Two years ago, Business Insider magazine predicted that by 2020, more than 40 percent of the American workforce, or 60 million people, will be freelancers, contractors, and temp workers, according to a study conducted by software company Intuit. Most of these solo entrepreneurs, like today’s freelancers, will not have a big advertising budget. Woodstock marketing expert Melissa Gibson is teaching small businesses and entrepreneurs how to get attention for their products and services without spending a lot of money.
“You could be the greatest at what you do, but if no one knows about you, you’re not going to help anyone,” said Gibson as she was setting up for a workshop at Fiber Flame Studio. “It’s about leveraging your networks and being clear about your competitive advantage.”
The first two sessions of Gibson “Marketing Won & Done Workshops” were each targeted toward a particular group, one for health and wellness professionals, and the other for creatives. The remaining session will be held on Wednesday, July 8, 6 p.m.-9 p.m., and will be oriented towards retail, entrepreneurs, and small businesses. “I made different editions of the workshop because it’s comforting to know that others in your field share your challenges,” she noted, although the principles she teaches, such as collaborative marketing, can apply to any venture.
Gibson has marketing in her blood. Her great-uncle Alvin and his wife Dora started the famed Doral Hotel in Miami, and a grandfather was the convention manager at Grossinger’s. With an MBA in brand management from the University of Georgia and a degree in agriculture economics from Cornell, Gibson has headed her own marketing firm, New in Town, since 1991, advising clients of all kinds on how to stand out from the crowd. She’s also a championship snowboarder.
“I enable small local companies to compete with big-box stores and online sellers,” said Gibson, who was formerly marketing director for Rethink Local, a group that encourages consumers to support the local economy. “You should never have to go online to buy a gift in Woodstock. It’s your responsibility as a citizen to promote local businesses.” Now on the advisory board of Rethink Local, Gibson speaks widely on such topics as sustainability and women’s networking.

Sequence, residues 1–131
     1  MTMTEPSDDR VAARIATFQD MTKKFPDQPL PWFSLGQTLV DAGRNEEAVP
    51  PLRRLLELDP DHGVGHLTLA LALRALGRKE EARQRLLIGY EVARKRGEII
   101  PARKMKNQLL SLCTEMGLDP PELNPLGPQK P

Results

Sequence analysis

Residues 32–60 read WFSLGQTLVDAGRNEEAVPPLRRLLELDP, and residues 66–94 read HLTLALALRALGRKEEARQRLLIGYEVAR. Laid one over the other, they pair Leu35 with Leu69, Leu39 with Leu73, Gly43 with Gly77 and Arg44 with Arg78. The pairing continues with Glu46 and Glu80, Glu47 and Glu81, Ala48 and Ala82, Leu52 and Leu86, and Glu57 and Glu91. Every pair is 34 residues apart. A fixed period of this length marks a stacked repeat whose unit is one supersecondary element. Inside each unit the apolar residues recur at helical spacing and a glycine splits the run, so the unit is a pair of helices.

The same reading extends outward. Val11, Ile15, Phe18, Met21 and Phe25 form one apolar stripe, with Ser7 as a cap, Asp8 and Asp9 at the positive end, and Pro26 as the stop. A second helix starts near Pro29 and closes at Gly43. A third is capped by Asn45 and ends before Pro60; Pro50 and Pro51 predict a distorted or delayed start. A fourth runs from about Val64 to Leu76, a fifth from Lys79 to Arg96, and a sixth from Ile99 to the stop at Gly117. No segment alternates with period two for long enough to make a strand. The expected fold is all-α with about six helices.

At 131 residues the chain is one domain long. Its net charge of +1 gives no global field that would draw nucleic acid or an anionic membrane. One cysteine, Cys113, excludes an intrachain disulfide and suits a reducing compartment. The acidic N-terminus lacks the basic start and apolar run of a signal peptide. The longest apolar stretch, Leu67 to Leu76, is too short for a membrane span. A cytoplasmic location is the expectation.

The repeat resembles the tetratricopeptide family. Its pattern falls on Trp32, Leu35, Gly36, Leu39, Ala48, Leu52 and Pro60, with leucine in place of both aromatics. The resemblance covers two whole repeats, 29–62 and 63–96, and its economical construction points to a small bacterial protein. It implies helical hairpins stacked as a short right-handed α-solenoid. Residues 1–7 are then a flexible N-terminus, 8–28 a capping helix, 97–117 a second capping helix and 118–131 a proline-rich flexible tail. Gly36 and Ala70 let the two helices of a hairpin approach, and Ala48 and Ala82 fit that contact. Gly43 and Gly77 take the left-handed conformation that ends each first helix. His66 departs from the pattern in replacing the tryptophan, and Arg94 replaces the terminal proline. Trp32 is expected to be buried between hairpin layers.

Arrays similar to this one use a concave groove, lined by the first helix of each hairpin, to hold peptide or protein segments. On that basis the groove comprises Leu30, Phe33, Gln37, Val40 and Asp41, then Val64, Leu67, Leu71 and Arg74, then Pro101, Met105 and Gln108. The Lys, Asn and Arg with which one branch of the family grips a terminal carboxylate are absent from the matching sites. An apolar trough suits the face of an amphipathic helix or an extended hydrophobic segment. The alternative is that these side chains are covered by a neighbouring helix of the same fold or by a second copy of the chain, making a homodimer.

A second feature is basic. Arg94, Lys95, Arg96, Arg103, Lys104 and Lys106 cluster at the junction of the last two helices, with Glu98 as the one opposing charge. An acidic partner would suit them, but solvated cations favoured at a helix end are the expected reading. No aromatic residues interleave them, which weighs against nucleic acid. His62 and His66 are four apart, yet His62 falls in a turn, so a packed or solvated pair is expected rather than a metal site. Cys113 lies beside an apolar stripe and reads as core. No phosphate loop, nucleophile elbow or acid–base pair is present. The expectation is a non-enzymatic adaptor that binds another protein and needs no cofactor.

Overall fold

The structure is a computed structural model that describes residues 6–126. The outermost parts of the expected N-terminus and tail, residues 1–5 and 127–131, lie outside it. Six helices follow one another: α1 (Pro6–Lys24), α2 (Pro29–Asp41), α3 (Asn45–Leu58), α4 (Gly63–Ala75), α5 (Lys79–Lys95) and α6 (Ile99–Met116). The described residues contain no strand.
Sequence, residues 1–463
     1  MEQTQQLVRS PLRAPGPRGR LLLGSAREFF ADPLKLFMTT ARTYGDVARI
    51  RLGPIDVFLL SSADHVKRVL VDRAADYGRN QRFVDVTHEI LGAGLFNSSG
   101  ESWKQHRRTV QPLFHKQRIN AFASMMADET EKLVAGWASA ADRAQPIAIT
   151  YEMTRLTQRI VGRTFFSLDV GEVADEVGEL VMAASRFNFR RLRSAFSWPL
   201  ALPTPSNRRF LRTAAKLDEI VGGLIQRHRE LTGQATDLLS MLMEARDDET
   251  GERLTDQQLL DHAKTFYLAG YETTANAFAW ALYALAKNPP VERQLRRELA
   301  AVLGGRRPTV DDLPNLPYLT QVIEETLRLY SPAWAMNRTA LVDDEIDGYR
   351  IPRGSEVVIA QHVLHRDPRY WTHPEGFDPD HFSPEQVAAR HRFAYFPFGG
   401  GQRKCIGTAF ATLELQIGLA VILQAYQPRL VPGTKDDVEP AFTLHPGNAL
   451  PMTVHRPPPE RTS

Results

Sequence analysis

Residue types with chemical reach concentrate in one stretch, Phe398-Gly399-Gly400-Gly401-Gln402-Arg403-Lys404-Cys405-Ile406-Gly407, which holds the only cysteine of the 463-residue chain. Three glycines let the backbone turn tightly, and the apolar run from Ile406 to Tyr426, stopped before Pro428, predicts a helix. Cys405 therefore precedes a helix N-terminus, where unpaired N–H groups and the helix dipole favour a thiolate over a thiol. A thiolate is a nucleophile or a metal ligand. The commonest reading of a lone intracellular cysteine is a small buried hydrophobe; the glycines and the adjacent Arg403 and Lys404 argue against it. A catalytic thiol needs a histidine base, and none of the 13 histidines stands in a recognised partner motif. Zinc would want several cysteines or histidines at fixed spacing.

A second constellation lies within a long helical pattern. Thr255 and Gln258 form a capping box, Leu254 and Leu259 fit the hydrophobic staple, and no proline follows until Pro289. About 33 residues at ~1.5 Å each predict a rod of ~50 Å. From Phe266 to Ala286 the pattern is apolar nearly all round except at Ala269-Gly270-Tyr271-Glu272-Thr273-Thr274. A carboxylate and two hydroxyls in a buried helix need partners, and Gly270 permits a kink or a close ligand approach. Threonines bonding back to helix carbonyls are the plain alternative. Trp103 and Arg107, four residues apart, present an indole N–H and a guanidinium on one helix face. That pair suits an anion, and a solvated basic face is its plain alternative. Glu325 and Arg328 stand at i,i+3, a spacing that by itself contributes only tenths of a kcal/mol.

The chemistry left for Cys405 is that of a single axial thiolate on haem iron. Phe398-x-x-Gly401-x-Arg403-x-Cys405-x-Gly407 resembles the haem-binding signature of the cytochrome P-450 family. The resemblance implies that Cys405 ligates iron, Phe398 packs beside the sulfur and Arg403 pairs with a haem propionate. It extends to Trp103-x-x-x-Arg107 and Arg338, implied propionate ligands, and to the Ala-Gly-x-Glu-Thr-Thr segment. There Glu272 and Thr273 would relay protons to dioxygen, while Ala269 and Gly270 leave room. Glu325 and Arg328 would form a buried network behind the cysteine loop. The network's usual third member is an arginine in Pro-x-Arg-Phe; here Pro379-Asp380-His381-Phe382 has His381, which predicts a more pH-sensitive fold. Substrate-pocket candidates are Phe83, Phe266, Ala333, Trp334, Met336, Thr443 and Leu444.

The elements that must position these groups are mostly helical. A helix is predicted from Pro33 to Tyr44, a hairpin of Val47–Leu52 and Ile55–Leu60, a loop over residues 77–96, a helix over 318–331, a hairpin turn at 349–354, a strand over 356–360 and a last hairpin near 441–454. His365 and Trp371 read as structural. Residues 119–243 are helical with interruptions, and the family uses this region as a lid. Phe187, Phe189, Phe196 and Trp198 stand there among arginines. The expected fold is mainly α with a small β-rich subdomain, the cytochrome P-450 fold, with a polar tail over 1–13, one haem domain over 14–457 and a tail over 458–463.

At Fiber Flame, east of Woodstock on Route 212, she spoke against a backdrop of jars of colorful art materials, used in the public studio’s crafts projects and arts events, an appropriate setting for a class on innovative marketing for creative professionals. Participants included an interior decorator, a photographer, Fiber Flame co-founder Shea Lord-Farmer, Ashokan Center’s Ruth Merenda of musical duo Mike and Ruthy, and others.
Gibson offered catchy lists of goals and principles (The 3 C’s of Marketing: connect, convert, cultivate; 8 Ways to Collabor8) as she outlined the elements of a successful campaign. An exercise encouraged attendees to identify their personal strengths and values as part of devising a brand, or unique selling proposition. “Be specific,” she emphasized. “A small niche will set you apart. Don’t try to please everyone, or you’ll get lost in the crowd.”
Perhaps the centerpiece of the workshop was the collaboration exercise, in which pairs of participants conferred, looking for ways their businesses might be able to intersect for mutual benefit. When Gibson led the exercise at an Etsy conference, the owner of a furniture shop was inspired to make music stands for a woman who was starting a youth orchestra. Each entrepreneur can benefit from exposure to the other’s network of customers, they can share marketing costs, and the social service aspect of the project enhances their reputations.
Gibson is big on encouraging businesses to participate in the work of social organizations. “Association with a good cause gives you a competitive edge,” she pointed out. “Find something you’re passionate about that supports the common good and broadcasts your values. You’ll get more business, you’ll make your community a better place, and it’ll make you feel good.”
Melissa Gibson’s Marketing Won & Done Workshop for retail, entrepreneurs, and small businesses will be held Wednesday, July 8, 6 – 9 p.m. at Fiber Flame Studio, 1776 Route 212, Saugerties. The cost is $99. To register, go to https://www.fiberflamestudio.com/workshops and scroll down.